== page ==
Schneiderman's office has bureaus devoted to labor, civil rights and to appeals and opinions. It also has the advantage of being situated in a state where the headquarters -- or major operations -- of a number of major companies.
Should federal agencies -- including the Labor Department and the Environmental Protection Agency, as well as the Consumer Financial Protection Bureau, which liberals fret the Trump administration will gut -- fail to enforce regulations, Schneiderman said his office is prepared to sue to force those rules' enforcement.
"Our office has been not shy about taking on federal agencies about not doing their job," Schneiderman said.
Right after Trump's election, Schneiderman also immediately warned Trump against withdrawing support of President Barack Obama's Clean Power Plan. And he urged New York lawmakers to guarantee free contraception -- a backstop against GOP-led efforts to repeal Obama's Affordable Care Act.
Planning to take on Trump
The strategizing and coordination among the 22 Democratic attorneys general began at a conference in Fort Lauderdale hosted by the Democratic Attorneys General Association.
"It was a moment where we all looked around and realized, this is real," said Hawaii Attorney General Doug Chin. "President Trump being elected is a very real fact, and we need to start thinking about what we're going to do about that. He needs to be aware that as a group, we're going to be incredibly vigilant and assertive."
They already had a model: Republicans during President Barack Obama's tenure.
Greg Abbott of Texas -- now the state's governor who served as its attorney general during most of Obama's administration -- led many of the GOP's legal battles against Obama's immigration orders. And Oklahoma Attorney General Scott Pruitt, Trump's pick for administrator of the Environmental Protection Agency, had regularly sued to block its regulations.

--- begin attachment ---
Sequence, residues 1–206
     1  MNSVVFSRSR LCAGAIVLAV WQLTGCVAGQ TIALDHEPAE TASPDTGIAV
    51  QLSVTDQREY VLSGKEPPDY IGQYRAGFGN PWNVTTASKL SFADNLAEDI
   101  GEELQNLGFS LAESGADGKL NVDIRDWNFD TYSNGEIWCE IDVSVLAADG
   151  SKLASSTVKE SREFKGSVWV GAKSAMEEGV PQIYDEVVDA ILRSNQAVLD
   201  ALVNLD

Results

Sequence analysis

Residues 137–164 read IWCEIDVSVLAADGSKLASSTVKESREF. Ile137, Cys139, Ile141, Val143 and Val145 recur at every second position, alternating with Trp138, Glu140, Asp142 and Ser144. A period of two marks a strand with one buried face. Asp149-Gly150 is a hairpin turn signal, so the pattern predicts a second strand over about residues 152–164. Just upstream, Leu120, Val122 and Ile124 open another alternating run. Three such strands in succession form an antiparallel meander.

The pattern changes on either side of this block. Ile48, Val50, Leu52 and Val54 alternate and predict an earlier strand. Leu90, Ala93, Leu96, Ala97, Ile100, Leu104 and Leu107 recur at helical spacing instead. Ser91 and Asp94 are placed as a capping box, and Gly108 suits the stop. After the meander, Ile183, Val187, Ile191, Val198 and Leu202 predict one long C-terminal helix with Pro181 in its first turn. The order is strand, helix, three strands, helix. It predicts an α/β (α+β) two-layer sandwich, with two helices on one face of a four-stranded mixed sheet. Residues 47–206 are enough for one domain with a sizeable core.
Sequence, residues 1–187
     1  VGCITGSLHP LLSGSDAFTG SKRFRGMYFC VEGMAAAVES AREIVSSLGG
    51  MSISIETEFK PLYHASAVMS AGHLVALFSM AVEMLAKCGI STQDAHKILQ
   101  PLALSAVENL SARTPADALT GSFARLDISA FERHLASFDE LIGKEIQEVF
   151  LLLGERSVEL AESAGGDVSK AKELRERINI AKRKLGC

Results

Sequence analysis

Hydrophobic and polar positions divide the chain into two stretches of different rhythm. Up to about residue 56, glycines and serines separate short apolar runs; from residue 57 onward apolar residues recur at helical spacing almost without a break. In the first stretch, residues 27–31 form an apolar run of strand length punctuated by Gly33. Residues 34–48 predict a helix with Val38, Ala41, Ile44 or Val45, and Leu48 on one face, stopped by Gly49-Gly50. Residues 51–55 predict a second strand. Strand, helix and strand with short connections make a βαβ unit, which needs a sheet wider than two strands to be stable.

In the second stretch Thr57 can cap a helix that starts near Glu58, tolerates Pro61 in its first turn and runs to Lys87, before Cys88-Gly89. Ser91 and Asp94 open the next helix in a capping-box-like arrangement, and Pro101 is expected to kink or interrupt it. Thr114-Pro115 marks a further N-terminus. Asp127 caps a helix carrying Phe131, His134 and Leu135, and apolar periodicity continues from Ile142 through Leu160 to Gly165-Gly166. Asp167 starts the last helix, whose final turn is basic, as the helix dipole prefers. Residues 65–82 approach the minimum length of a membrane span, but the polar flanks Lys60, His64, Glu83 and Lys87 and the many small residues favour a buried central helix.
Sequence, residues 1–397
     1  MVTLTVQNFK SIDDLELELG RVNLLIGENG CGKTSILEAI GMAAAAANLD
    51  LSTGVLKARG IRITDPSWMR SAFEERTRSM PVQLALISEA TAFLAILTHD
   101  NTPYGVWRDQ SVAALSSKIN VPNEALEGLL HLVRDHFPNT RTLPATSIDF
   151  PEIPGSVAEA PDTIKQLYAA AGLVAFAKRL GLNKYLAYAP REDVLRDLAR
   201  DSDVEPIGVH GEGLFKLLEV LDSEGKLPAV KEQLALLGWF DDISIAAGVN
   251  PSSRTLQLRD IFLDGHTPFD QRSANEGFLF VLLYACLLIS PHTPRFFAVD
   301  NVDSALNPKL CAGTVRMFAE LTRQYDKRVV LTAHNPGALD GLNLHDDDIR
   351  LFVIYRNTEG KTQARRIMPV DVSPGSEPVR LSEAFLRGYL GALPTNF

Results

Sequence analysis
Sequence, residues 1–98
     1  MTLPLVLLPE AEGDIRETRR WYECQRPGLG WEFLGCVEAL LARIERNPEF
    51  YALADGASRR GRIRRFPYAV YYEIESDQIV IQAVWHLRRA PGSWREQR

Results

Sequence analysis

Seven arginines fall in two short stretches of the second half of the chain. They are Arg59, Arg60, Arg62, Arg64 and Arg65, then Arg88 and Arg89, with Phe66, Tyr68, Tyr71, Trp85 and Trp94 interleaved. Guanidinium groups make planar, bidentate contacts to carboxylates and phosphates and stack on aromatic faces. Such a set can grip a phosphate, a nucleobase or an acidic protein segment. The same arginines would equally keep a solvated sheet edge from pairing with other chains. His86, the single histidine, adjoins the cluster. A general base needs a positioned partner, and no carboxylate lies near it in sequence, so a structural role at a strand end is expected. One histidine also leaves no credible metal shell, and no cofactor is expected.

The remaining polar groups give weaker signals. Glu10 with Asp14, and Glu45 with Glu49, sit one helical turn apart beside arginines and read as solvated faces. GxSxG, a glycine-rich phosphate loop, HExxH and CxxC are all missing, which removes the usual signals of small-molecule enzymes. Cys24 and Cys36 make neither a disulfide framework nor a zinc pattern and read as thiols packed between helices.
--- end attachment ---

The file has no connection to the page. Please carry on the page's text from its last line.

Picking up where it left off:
"In some ways, they created -- or maybe I should say they perfected -- a model of going to court and really standing against the presidential administration," said Illinois Attorney General Lisa Madigan.
Democrats had done it before, too. During President George W. Bush's second term, Massachusetts led a group of 12 states and several cities that sued to force the EPA to regulate greenhouse gases.
Travel ban spurs rush to court
The galvanizing moment, the Democratic attorneys general said, was when Trump signed an executive order banning travel to the United States from seven majority Muslim nations.
"As the hours went on, we literally had chaos at the Philadelphia airport," said Josh Shapiro, the newly-elected attorney general of Pennsylvania.
Several states rushed into court to try to block the implementation of Trump's travel ban -- but it was Ferguson who was most successful.
After a judge halted the implementation of Trump's travel ban, the offices of Schneiderman, Shapiro and Massachusetts Attorney General Maura Healey led the drafting of an amicus brief in which 16 additional states backed Washington's case.
The most recent group phone call between the AGs came Tuesday afternoon, when Schneiderman and his staff, as well as the Democratic Attorneys General Association, led a discussion of the travel ban challenge just hours before oral arguments before the 9th Circuit Court of Appeals.
"It was only like 80 years ago that a president's executive order based upon national security authorized citizens of Japanese ancestry, regardless of their backgrounds," Chin said. "It became very important that this was going to be the battle I was going to fight."